The remnants of the most recent recession seem to have withered away, and even while millions of Americans are without a job, the increase in housing investments and job availability gives the United States a hope for the near future.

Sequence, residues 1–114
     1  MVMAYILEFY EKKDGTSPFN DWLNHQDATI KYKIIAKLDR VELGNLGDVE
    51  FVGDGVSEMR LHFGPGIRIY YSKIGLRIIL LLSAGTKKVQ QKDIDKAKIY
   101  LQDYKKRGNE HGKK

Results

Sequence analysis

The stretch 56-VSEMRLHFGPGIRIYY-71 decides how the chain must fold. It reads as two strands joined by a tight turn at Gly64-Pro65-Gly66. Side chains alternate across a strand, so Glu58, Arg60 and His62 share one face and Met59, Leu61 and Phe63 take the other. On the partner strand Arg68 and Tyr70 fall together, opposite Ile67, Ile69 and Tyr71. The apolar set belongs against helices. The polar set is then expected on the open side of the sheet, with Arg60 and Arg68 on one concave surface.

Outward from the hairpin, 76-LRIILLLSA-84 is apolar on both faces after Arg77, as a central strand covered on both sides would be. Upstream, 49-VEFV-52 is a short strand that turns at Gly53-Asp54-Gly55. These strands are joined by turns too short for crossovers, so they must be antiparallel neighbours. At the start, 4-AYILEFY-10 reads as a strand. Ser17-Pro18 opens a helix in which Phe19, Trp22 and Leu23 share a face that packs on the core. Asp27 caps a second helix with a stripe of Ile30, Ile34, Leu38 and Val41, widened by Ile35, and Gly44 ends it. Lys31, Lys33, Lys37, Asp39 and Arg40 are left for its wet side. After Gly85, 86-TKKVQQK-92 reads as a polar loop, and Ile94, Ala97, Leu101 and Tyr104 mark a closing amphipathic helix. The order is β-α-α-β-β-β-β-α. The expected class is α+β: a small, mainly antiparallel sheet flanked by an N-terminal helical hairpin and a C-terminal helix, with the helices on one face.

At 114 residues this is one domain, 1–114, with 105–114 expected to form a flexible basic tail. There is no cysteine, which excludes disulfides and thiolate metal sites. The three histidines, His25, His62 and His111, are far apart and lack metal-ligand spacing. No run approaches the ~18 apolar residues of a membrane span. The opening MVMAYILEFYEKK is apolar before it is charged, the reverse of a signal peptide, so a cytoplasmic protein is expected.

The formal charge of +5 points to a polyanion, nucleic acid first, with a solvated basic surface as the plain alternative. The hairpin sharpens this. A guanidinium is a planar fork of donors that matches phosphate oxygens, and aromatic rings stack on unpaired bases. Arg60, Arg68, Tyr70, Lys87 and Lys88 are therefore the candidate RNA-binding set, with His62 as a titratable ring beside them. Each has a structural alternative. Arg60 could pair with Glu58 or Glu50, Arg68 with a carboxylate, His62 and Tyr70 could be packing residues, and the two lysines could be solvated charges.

In the difficult business of debt collections, the housing market has a significant effect, and any positive news in builder confidence or home buying is a great sign for the industry. While it may seem like a debtor is acting evasively while constructing or building a home, a debt collector should see a debtor's home investment as a step in the right direction. A debt collector may have patiently waited for their debtors' payments for weeks or months at time, but if they are acquiring or building a new home, it means they have finally gained the financial flexibility to invest in property and quite possibly, they may soon be able to pay off debts. In the months leading into and following an investment of a home, a debt collector should be patient with a debtor and give them ample time to recover financially. A 20-percent down payment on a $500,000 home is $100,000. For the average American, this is an extremely heavy investment, and they may need to sacrifice a few luxuries to get their bank accounts back up to speed. However, just because the debtor gets your sympathy, it doesn't mean they can walk all over you. You should expect your payment just as soon as they are able to pay. Get the credit reports of a debtor to keep track of their non-essential acquisitions and make sure they aren't buying expensive items instead of paying you. The purchase of an Xbox or extra television can be viewed as non-essential, and if this were the case, you could file a bad credit report claim to their credit agency. According to the United States Department of Commerce, privately owned housing volumes in December of 2011 totaled 657,000, a 131,000-home increase from December of 2010. The recent boosts in the workforce and housing markets could be a sign of things to come in the coming two years and debt collectors should aim to increase their collection efforts toward debtors who have recently received a new job or completed a home investment.